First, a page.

The Dangers of Dehydration

All You Need to Know about UV Water Filters

What Is A UV Water Filter?

A UV water filter is a purifier that kills harmful microorganisms in water with the use of germicidal ultraviolet (UV) light. UV water treatment is possible because UV light damages the nucleic acids in the DNA of microorganisms, thereby severely hampering their ability to reproduce or multiply.

Although the germicidal property of the sun was known as far back as 1877, the concept was not fully understood. From then on, research into the disinfection principles began. In 1903, Niels Finsen was awarded the Nobel Prize for his use of UV light to combat tuberculosis. However, it was not until the 1950s that significant research into the use of UV light for water disinfection began. By the 1960s, the principle was already widely used in commercial applications and gradually introduced into the residential market.

Fast forward to today, there is full acceptance of UV disinfection as an efficient and effective chemical free treatment for the elimination of microbiological contaminants from water, and point-of-entry UV is becoming a standard mainstream feature in homes. The UV water filter system combines UV treatment with other forms of filtration, such as sediment and carbon block filters and is used as pre and post treatment on reverse osmosis systems.

Is UV Water Purification Safe?

One cannot be too careful when it comes to the aspect of safety. After all, we are exploring the potentials of UV water purification to ensure we have safe drinking water in the first place. So is UV water purification safe? Yes, UV water treatment is safe! A significant reason why it is safe is that it eliminates the use of harmful chemicals. Besides, UV light water filters do not alter the composition of water, meaning, in essence, that water remains water.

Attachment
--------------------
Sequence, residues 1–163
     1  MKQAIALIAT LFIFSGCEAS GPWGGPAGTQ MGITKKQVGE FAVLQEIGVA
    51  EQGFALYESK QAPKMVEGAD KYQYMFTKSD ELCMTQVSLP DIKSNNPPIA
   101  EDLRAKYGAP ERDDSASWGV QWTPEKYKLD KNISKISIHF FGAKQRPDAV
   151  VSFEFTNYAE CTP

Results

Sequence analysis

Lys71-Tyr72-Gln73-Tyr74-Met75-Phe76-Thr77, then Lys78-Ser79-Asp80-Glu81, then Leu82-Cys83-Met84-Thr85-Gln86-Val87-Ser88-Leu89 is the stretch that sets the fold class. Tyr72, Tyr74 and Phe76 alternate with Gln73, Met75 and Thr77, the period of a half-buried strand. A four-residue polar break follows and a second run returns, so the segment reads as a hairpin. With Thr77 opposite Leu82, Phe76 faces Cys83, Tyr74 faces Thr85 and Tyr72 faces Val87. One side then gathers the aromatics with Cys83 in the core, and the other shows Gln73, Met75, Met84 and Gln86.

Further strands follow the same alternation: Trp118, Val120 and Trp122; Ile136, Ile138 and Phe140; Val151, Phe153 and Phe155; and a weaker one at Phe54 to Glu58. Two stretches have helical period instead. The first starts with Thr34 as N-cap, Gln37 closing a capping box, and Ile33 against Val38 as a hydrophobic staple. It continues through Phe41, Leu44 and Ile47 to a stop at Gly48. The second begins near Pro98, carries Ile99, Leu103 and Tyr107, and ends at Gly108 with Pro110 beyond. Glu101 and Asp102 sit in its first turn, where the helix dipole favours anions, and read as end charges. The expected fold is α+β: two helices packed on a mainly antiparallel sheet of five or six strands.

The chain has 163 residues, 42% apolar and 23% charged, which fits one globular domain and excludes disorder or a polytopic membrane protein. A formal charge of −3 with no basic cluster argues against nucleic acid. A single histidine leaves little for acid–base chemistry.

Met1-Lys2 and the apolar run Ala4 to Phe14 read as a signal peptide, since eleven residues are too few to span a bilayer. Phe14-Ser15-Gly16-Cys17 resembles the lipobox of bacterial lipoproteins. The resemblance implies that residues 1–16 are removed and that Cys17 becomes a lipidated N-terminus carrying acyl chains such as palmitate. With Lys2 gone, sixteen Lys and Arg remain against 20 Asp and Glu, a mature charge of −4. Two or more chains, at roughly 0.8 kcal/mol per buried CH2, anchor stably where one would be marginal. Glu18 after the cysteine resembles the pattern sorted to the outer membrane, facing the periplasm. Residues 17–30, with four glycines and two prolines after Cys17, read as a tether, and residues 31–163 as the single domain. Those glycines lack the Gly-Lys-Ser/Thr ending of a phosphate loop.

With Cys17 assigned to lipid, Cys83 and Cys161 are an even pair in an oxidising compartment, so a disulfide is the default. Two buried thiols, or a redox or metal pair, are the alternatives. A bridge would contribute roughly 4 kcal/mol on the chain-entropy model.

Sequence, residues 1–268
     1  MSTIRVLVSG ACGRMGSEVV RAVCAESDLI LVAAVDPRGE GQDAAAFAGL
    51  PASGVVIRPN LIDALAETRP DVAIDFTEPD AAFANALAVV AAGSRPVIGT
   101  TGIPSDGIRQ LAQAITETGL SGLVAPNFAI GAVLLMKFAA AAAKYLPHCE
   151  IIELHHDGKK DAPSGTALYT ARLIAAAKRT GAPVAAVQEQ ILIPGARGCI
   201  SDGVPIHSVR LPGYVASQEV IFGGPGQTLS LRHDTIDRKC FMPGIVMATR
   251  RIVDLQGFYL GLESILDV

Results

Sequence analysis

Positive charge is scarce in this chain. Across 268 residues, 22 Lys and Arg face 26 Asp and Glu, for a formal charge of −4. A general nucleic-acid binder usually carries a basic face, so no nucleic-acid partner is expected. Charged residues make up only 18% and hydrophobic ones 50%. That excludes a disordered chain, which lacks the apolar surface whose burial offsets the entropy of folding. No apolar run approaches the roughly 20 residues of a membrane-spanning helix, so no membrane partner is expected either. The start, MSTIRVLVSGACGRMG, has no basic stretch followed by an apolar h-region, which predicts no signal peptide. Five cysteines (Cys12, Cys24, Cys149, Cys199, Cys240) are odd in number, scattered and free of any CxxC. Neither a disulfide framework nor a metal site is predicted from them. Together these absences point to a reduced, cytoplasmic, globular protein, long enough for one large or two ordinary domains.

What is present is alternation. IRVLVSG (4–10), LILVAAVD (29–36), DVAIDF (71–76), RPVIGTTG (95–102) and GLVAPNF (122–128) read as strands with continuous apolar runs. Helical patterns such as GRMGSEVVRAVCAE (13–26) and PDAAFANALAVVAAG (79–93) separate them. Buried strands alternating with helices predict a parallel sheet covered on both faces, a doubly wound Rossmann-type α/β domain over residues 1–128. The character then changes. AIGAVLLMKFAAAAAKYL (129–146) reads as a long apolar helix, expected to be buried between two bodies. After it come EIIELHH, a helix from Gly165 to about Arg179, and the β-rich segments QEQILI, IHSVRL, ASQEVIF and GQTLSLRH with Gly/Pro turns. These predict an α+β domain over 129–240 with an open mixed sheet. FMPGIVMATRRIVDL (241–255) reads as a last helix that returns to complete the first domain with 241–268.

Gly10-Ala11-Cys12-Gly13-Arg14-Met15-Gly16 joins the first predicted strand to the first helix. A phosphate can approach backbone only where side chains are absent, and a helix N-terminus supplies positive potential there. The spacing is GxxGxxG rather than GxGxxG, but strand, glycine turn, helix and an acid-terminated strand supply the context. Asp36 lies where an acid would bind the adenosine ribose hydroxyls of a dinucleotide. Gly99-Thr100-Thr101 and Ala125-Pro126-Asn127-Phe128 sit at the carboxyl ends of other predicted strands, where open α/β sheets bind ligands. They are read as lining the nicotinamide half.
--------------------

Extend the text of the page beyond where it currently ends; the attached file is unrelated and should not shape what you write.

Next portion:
However, it is essential to note that UV sterilizers use UV-C light to bring about disinfection. The catch here is that this UVC light is as harmful to humans as it is to microorganisms. You’re, however, not at risk of any harm whatsoever provided you don’t expose yourself to the UV bulb by touching or looking at it while it is on.

UV water treatment is much safer than the use of chlorine or chloramine treatment. One of the reasons is because UV light treats water for protozoa, while chlorine and chloramine disinfection is unable to do that. Also, the use of chlorine treatment requires the use of retention tanks and the precise use of injection pumps and solutions. UV water filters are now employed by many wastewater treatment plants to eliminate some harmful chemical by-products generated from chlorine or chloramine treatment.

What Can UV Remove?

Purification using a UV water treatment system is one of the most effective techniques for removing bacteria from water. Not only does it attack harmful bacteria but also other dangerous pathogens in water that can cause diseases such as typhoid, cholera, gastroenteritis, hepatitis, flu, etc. UV systems can destroy 99.99% of harmful microorganisms, including bacterial, viruses, fungi, and protozoans such as Escherichia coli, Giardia, Cryptosporidium, Salmonella etc. UV treatment also quickly eliminates viruses and other microorganisms that are highly resistant to chlorine, e.g., the hepatitis virus.